Nathalie writes about her experience as a student at Iowa:
Lately, several aspiring writers have asked me my thoughts on MFA programs and whether they should enroll in one. I don’t know, I don’t know. At Iowa, I was a depressive, unproductive recluse — not a good representative for the average workshop experience. Also, I came to Iowa from Brown, where I wrote and studied experimental fiction (with people like Carole Maso and Robert Coover); even a two year program couldn’t mitigate the culture shock. (In a NY Times piece on Frank Conroy’s retirement, Conroy depicts Iowa as a place where writing is priviliged over theory. But that, too, is a theoretical position — and the one most popular among traditionalists.)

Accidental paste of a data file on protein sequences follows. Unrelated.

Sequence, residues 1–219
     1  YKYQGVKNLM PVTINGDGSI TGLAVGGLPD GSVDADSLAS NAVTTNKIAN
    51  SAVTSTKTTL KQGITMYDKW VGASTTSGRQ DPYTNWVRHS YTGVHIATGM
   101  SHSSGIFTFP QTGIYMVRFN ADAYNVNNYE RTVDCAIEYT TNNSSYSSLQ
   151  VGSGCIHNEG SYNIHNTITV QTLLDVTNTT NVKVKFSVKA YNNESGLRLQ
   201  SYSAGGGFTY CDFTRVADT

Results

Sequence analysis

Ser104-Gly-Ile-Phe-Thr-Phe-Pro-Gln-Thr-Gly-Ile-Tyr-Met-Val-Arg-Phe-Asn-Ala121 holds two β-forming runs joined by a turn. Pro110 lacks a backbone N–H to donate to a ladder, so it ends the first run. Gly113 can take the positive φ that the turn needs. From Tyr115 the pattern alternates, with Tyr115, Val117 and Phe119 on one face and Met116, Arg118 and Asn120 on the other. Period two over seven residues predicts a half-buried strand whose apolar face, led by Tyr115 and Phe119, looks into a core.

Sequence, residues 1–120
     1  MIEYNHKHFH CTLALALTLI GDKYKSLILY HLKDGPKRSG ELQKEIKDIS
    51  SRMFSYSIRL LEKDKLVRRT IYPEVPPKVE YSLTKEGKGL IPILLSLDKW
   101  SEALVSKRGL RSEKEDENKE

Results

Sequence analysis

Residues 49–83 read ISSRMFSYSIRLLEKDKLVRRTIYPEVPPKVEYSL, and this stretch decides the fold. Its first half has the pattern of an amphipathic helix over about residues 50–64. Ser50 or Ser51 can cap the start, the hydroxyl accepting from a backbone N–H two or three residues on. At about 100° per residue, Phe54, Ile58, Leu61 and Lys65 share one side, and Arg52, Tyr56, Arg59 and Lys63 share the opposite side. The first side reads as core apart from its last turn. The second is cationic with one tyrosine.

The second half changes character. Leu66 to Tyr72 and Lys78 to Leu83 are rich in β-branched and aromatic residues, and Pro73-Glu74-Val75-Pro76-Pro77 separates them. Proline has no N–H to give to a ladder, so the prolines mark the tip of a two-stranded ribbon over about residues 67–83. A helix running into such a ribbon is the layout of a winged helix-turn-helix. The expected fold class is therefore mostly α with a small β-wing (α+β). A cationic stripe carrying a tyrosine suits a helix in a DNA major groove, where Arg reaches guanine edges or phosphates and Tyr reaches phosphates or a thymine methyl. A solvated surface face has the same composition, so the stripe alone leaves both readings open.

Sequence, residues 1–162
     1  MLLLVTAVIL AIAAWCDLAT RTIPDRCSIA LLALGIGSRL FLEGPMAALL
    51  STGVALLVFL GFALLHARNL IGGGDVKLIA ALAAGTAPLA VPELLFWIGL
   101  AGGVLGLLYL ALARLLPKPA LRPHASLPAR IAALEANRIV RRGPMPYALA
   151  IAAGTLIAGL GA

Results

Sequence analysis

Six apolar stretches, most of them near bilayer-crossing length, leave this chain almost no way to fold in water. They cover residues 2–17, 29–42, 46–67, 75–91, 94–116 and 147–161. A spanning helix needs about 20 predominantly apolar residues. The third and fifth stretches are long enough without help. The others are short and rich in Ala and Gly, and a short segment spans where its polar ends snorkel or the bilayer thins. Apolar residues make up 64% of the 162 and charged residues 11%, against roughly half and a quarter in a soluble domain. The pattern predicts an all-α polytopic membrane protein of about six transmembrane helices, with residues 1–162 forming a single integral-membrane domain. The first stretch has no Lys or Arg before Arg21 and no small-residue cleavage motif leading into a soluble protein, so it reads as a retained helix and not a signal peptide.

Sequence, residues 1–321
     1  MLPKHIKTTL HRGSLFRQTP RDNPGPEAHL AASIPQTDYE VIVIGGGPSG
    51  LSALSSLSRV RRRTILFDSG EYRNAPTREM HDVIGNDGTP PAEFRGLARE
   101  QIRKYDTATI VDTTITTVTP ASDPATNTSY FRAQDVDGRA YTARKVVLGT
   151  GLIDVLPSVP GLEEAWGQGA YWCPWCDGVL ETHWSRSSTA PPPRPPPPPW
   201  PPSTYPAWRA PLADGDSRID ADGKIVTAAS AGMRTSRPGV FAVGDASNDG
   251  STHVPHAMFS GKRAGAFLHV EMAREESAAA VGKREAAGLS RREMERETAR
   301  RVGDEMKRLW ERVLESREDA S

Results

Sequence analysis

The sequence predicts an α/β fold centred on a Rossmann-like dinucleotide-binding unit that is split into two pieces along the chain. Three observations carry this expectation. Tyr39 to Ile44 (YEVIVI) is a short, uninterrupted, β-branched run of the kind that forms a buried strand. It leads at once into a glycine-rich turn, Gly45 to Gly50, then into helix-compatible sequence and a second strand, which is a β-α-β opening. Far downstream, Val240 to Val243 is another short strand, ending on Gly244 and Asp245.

If Iowa was useful for me, it was useful as a series of checks on my writing instincts. It made writing even more slow and painful, because I suddenly was able to acknowledge the difference between myself and my readers (i.e., the associations I take for granted almost always have to be explained, or cut). But, I think I need to wait a couple more years — watching where my writing (and “career” – ha) goes — before I can make an informed assessment of my time at Iowa.
Be sure to click through to the rest of her post, which features other people’s views (excerpted from Brown’s creative writing list serve) on programs at Warren Wilson College, the Center for Writers at the University of Southern Mississippi, the University of Denver, and Brown.